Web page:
I’ve somehow got sucked into Quora. And in trying to explain it by pasting examples the format here is off #sigh.
Quora is a sort of Twittery space for asking and answering questions. You have followers and follow people. Your replies can be upvoted or downvoted and so you create a following, or not. People then pose questions directly aimed at you – you reply or not as you choose. Oddly addictive.
I am building a micro-reputation on public speaking and writing questions, while now and then dabbling in philosophy and jurisprudence and negotiation.
The trick is to have your own consistent ‘tone’. You can answer in a long-winded earnest way, or be a laconic smartass, or something in-between.
It’s not. What’s difficult is having something interesting to say.
Get that right first. Own the content of your speech. Commit to it. Fewer Facts – more wisdom! DON’T BE BORING!
People should be nervous and unhappy approaching a speech when they know in their dark hearts that what they have to say is uninteresting and simply wasting everyone’s time, including their own.
Emotion is OK. Tears are ok. But you need to keep going.
Get a strong simple speech ready. Just a few powerful ideas and supporting examples.
Go up to speak. Deep breath. Smile at everyone. Start. SPEAK SLOWLY
You’ll be fine.
Many questions are bizarre or obscure:
Do you mean looking in a mirror to practise public speaking?
Don’t. It’s ridiculous.
There’s a verbal technique called reflecting where you use back to someone a word they’ve used:
A: Look, this whole situation is getting ridiculous!
B: Ridiculous? Why so?
That is a good communication trick as it helps you show the other person you’re listening carefully to their words and so is reassuring and subtly flattering.
My advice is always sound and practical:
DON’T EVEN TRY TO MEMORISE IT.
Understand what you’re trying to convey. Think of a vivid simple way of conveying it. Then speak from brief notes.
I was giving a Public Speaking session in Thailand this week. It was striking how poorly designed PPT slides made the smart speakers come across as much less confident and coherent. The presentation made them smaller than they really were!
But the slides were bad because they did not have a simple bold focus on what they wanted the audience to understand, remember and feel.
So they stuffed in too much useless jargon and ‘information’.
Less is more.
You open your mouth a lots of scraps of fluff emerge. That’s often the sign.
Imagine you’re giving a speech about Good News and Bad News in healthcare reform.
You can signal that at the start:
Ladies and Gentlemen.
I have good news. And I have bad news.
You then address the Good News examples.
Then comes the signpost:
All that’s fine. What we want.
What we need.
Maybe even what we think we deserve
Here’s the Bad News. We can’t have it!
The signpost takes you from one part of the speech to the next. It helps the audience stay with you.
The signpost need not be a word. It can be extended silence. A sudden gesture – say walking out from behind a podium to give the key message ‘directly’ to the audience.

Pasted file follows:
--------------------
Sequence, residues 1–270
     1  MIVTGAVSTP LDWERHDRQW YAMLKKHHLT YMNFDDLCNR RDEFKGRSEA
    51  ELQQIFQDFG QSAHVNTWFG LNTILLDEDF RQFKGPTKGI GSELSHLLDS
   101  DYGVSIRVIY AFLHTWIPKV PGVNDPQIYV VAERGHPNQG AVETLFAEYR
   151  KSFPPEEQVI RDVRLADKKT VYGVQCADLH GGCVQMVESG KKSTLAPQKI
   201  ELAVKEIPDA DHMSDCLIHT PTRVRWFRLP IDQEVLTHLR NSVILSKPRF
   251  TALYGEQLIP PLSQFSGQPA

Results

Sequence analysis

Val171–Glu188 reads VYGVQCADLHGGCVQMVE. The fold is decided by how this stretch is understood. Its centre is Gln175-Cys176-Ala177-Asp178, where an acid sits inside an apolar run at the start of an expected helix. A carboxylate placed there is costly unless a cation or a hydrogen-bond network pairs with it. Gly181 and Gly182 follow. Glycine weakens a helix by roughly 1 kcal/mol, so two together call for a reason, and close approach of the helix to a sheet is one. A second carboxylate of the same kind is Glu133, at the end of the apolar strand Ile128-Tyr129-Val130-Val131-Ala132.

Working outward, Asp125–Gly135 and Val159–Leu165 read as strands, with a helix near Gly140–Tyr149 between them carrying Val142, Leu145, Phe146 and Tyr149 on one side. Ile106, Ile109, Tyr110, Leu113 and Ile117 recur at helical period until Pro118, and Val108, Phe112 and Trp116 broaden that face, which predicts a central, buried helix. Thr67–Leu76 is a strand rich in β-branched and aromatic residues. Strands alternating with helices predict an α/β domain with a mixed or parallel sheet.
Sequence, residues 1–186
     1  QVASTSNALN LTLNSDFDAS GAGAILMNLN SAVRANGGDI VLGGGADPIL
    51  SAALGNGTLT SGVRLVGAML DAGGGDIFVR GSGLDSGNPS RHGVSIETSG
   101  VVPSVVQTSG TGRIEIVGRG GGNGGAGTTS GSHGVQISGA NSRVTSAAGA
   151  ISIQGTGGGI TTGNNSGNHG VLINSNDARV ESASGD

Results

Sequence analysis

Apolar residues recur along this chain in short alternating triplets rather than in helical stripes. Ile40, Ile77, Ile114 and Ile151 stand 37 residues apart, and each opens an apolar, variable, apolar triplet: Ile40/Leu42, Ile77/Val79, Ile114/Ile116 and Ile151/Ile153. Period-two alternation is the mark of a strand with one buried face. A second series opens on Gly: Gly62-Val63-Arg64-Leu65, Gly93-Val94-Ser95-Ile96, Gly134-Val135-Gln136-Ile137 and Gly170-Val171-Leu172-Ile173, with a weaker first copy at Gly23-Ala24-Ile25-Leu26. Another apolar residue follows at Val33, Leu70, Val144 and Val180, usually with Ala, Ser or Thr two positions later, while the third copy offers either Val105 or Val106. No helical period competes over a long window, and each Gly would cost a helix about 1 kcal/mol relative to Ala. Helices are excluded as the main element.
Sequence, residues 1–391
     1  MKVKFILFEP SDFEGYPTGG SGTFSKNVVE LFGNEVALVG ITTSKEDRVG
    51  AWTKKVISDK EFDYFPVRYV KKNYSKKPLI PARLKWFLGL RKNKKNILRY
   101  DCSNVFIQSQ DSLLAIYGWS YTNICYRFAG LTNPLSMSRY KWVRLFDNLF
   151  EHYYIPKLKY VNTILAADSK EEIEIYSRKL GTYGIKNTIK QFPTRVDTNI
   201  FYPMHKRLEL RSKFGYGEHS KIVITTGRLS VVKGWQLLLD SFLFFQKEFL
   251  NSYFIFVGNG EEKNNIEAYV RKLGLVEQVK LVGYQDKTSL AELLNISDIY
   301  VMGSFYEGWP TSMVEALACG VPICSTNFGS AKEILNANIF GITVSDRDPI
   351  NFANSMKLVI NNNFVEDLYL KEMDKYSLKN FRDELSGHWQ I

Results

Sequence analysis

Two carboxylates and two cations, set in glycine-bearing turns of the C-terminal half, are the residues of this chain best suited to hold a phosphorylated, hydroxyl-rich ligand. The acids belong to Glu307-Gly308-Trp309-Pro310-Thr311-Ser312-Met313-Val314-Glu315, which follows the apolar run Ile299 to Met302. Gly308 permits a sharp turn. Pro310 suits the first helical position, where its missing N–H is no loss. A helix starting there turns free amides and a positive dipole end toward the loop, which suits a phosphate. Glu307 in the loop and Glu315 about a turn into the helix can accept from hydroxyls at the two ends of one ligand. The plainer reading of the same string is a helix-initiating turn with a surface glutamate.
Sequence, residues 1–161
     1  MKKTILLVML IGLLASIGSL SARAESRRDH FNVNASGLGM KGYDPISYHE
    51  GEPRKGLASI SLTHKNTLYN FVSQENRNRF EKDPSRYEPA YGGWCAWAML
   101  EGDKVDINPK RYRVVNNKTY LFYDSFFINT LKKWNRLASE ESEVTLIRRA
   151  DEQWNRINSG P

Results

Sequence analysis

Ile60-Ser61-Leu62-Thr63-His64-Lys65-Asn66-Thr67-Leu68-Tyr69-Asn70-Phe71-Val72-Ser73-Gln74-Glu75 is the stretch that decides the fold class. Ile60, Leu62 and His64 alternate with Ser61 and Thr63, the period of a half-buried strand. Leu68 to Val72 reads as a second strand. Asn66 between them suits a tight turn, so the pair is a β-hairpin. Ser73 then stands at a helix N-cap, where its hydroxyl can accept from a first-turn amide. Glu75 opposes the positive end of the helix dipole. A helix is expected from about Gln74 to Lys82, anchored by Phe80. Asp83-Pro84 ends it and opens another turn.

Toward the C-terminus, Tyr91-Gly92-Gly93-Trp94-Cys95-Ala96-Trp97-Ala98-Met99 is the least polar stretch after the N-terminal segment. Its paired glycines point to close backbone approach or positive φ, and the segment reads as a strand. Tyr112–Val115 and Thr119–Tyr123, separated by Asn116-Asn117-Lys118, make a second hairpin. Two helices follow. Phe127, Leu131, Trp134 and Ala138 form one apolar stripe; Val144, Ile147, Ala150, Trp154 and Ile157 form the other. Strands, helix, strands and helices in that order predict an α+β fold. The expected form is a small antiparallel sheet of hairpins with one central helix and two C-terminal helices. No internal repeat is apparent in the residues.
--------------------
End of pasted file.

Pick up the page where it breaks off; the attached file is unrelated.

The key thing is that your signposts need to be CLEAR. Almost exaggerated.
Get this right and the speech starts to become amazing
The grammar and writing Qs can be interesting:
Allow me is rather more polite and formal-sounding. Let me do it adds a note of possible impatience and might even sound rude.
May I..? is both gracious and elegant.
There’s grammar. And there’s not sounding crazy!
All women are created equal. Only the best are born to love beagles.
All women are created equal, but only the best are born to be beagle-lovers.
The point is that in fact no-one is born loving beagles, so you’re trying to convey a metaphorical idea. Your version is ungrammatical but also sounds strange in that sense.
You didn’t used to be like this! is horribly incorrect and colloquial, but people say it, everyone knows what they mean, and there’s no simple familiar equivalent.
The point is that used to be is a sort of ‘imperfective’ form suggesting behaviour over an extended time that does not easily have a negative form.
You weren’t like this sounds very formal/stiff and oddly ‘abstract’/specific.
Maybe You weren’t always like this is better and more colloquial than eg the precise You used not to be like this.
The Crawford family is grappling with just this horrible issue.
Most of these statements must be dire on various levels. There is a real tension here between (a) sounding keen , and (b) sounding ‘passionate’/ridiculous (ie throwing in every footling ‘achievement’). And between (c) being intelligent/subtle and (d) an annoying smart-ass.
NB it’s not what you say – it’s what they hear!
So the person reading the statement has to pick it up with a sigh after reading many of them and then say quickly, almost at a glance: YES! AT LAST! THIS MAY BE THE ONE!
That means a good clear layout: shorter paragraphs, not slabs of hard-to-read text. Strong start, and strong conclusion.
There’s a famous apocryphal Oxbridge Finals exchange between student and professor:
Prof: Splendid answer!
Student: Splendid question!
That’s the spirit in which to approach these things (in my view).
Don’t give answers. Think instead about which questions are important, and what ‘deeper’ issues they raise (where eg the problem of working out what causes what over which timescale? is always a good place to start). Then show how in your reading and wider life how you’re ready to add something useful or at least work hard to do so.
Maybe just a touch of dry humour too, to make it stand out and want the reader to ask you for More?
Endless insightful amusement guaranteed.